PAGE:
When Butch saves Mooney it becomes clear what has made her character work for the past few better than average episodes of Gotham. Her connection with Butch endears her more than any amount of taunting she could give a torture-goon. With the two reunited, they actually pull off what is possibly the most difficult feat in all of Gotham; Fish and Butch upstage The Penguin.
Alone, drunk and celebrating his good fortune a bit too prematurely, The Penguin is interrupted mid-victory speech to no one by the rightful owners of his brand new club. Fish carries a baseball bat, somehow pulling off the invincible villain swagger she couldn’t when laughing in Bob’s face.
Her re-victory is short lived though, because as much as Fish’s Butch-friendship makes her strong, Oswald Cobblepot has some seriously fucked up friends. Victor Zsasz saves or spoils the day depending on who you’re rooting for by interrupting the reunion and giving chase to Mooney and her main man, leaving Penguin laughing at his good friends and fortune.
Mooney escapes out the back window, Butch having bought her some time by forcing a showdown with Zsasz. Sadly, the henchman takes a fall with one of Victor’s well placed non-lethal shots and the scariest man in the room decides to take Fish’s best bud home to play.
Friendship isn’t just ammunition in a power struggle though, a fact that “Welcome Back” illustrates with Ed Nygma’s continued pursuit of GCPD lab tech Kristen Kringle. This time, Ed moves with a bit more panache, handing his little bullet cupcake of a love letter instead of a morbid riddle. Once again, he finds himself publicly bullied by Flass, placing him firmly on Jim Gordon’s list of friends come the episode’s conclusion.
A bigger, more surprising expression of love comes at the Gotham City Port, when Bullock says goodbye to Fish, urging her to never come back and receiving a big ol’ smooch. Again, at risk of implying Fish is best defined in scenes with male counterparts (writing problem), the scene has heart and sticks the Fall of Fish arc’s landing.
Both complicated love plots serve to position relationships as stakes and succeed, which is extra remarkable considering how much Gotham has struggled to do this (Barbara Keane, I’m looking in your direction). Between the relationship building and friend-based favour giving, it becomes pretty clear that in the city’s current state nothing is more important that who like who.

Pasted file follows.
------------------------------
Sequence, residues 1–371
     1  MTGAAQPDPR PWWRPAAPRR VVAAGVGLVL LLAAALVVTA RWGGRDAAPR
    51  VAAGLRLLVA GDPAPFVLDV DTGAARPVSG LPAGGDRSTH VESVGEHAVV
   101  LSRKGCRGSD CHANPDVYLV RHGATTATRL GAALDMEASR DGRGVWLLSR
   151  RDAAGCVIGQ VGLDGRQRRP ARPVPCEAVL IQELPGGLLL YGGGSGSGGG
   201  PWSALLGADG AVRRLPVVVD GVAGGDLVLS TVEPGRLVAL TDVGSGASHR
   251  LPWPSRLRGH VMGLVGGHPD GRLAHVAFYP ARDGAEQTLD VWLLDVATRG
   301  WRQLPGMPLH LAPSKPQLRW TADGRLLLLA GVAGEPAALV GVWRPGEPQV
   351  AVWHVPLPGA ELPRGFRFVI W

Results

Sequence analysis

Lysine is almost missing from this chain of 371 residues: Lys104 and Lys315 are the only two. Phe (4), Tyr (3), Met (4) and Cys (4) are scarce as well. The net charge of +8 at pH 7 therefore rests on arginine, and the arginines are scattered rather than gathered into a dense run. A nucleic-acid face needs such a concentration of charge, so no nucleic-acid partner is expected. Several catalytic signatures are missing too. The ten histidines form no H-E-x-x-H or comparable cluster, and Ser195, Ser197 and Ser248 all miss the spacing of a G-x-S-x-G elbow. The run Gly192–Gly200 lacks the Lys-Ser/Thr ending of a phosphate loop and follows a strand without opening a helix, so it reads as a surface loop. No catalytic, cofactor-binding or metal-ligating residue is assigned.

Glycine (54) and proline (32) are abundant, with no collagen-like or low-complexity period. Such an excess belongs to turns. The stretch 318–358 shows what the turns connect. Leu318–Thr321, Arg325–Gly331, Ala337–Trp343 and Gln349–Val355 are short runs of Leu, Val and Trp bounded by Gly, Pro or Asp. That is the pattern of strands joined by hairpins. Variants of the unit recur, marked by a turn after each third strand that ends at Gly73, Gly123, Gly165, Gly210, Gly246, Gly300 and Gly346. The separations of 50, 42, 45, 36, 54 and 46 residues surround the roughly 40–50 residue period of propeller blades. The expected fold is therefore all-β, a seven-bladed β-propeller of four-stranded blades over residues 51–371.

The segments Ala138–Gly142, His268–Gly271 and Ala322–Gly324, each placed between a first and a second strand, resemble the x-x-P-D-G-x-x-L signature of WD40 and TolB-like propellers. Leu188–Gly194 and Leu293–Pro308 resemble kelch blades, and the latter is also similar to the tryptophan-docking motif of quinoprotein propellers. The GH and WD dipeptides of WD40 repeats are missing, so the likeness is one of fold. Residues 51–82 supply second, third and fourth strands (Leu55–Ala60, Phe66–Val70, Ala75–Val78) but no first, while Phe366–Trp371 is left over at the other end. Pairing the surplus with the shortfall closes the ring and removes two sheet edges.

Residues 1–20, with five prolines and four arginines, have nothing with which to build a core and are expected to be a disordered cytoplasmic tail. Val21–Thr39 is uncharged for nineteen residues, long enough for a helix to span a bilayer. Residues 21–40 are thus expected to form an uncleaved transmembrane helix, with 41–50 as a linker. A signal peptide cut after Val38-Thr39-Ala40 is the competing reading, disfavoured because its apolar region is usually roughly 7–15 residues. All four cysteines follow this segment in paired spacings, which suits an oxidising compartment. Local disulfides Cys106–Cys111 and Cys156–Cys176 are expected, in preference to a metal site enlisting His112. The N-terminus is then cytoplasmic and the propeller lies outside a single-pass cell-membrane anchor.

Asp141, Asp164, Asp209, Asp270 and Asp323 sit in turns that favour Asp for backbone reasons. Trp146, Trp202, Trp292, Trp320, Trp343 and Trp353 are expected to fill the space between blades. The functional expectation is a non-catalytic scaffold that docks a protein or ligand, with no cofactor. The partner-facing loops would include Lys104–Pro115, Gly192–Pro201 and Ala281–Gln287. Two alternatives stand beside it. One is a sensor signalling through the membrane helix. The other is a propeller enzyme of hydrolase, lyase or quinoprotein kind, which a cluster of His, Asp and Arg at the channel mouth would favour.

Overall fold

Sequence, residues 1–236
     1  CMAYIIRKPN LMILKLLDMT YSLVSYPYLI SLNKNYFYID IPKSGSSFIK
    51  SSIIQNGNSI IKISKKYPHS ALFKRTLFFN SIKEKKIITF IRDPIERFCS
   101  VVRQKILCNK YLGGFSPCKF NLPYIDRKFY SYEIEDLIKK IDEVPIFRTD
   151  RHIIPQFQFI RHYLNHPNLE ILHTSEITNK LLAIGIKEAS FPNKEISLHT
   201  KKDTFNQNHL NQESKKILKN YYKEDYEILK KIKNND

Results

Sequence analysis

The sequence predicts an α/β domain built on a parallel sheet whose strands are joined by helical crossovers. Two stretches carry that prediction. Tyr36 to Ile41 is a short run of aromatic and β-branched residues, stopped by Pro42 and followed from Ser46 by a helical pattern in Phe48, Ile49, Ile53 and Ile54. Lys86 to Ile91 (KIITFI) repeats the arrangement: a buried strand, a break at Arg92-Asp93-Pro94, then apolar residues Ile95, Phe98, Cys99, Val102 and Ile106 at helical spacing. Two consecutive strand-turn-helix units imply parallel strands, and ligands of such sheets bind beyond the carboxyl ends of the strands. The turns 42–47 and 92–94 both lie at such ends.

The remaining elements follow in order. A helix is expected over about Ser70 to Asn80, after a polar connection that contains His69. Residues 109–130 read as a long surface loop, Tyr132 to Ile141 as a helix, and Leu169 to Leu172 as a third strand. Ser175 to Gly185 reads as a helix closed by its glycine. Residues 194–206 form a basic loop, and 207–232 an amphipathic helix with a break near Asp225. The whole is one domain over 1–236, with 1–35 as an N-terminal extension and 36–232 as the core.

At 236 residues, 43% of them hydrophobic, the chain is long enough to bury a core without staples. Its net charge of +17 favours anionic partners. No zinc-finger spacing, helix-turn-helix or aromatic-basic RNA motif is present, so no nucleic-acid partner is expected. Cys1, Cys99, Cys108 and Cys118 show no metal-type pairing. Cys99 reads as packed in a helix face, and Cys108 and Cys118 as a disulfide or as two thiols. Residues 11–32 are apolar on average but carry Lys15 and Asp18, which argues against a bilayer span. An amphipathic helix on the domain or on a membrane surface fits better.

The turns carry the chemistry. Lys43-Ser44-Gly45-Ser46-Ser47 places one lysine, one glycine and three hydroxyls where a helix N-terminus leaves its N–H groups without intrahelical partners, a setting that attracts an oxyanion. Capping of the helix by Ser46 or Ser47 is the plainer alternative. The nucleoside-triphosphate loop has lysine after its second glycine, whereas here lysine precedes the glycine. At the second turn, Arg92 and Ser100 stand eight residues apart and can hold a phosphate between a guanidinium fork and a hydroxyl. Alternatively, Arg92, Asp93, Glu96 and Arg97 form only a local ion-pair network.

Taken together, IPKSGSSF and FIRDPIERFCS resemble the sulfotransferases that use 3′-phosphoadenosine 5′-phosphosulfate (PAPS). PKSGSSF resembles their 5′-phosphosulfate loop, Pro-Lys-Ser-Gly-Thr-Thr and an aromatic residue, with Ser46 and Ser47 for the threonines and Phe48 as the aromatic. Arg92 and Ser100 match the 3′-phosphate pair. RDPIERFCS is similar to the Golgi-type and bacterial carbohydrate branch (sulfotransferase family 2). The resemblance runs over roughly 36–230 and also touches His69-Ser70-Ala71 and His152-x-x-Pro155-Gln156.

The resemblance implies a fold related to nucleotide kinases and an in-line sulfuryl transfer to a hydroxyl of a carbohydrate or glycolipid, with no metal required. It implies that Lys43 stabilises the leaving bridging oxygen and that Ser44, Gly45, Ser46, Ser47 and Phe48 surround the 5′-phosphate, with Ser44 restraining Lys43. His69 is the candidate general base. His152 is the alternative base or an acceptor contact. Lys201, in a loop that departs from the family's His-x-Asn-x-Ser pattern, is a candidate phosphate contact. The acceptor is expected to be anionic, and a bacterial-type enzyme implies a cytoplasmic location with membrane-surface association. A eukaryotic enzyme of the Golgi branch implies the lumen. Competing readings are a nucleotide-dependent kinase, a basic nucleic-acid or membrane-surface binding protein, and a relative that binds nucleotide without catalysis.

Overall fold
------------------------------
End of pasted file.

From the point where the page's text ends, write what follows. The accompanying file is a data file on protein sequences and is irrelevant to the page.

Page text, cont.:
Your Own Best Friend
Of course, when everybody’s putting their stake in friendship, the potential for disruption is huge if someone else decides they’d rather be their own best friend.
Bruce is back this week after his two episode absence when he was at the Wayne Chalet in Switzerland, laying low with Alfred. In terms of friendship, the Batboy’s little C-plot serves to show us where the Caped Crusader finds his greatest power as Gotham’s defender: loneliness.
Using his network of street kid “friends,” Bruce lets Selina Kyle know he’s back in town and wants to speak with her. She meets him at home and it becomes immediately clear that rather than having anything truly important to tell her Master Wayne just wants company.
True to form, the future Catwoman rebuffs Bruce’s offers of a billionaire’s home and his confused affection, bringing him to a tough conclusion. Bruce redoubles his efforts to figure out who killed his parents and takes the most important step towards his heroic future. Bruce (with some nudging from Alfred) embraces being friendless, and in doing so accidentally chooses to not play the social games that are ruining good cops like Jim Gordon.
“Welcome Back, Jim Gordon” might feel a little laggy at times – maybe even boring after last week’s super fun Electrocutioner plot – and definitely has a few tonal issues, but its handling of theme is spot-on. Gotham City is built on friendships; to fix it you need to be alone.
-Quote of the week is a tie between the one at the top of this article and Ivy Pepper’s baby super villain delivery on “ Look who it is: millionaire Bruce Wayne.”
-Anyone else get the impression at first that the A-plot was going to involve Nygma framing Flass? There was something about Gordon’s discovery of the case’s first clue that got my hopes up for the long awaited (at least for me) proper Riddler episode.
-Two instances of this episode nailing a Batman-ish tone: the interrogation scene in which Ben McKenzie delivers an uninterrupted monologue while the officers he’s questioning continue to change and the Club Cobblepot scenes that had Penguin showing off his success to his mom.
-Not sure how I feel about The Penguin’s solo-celebration scene. It was fun, but when Gotham gives in to its impulse to have a character dance around to a non-diegetic pop song, it really betrays its serious intentions.
-Zsasz wins crazy face of the episode award for the mug he gave the camera after asking his henchwomen if he should take Butch home.
-Mild-spoilers: judging by the titles of the next two episodes, we’re about to be on the receiving end of an exciting two-episode arc. Titles like “The Fearsome Mr. Crane” and “Scarecrow” are about as unambiguous as you can get.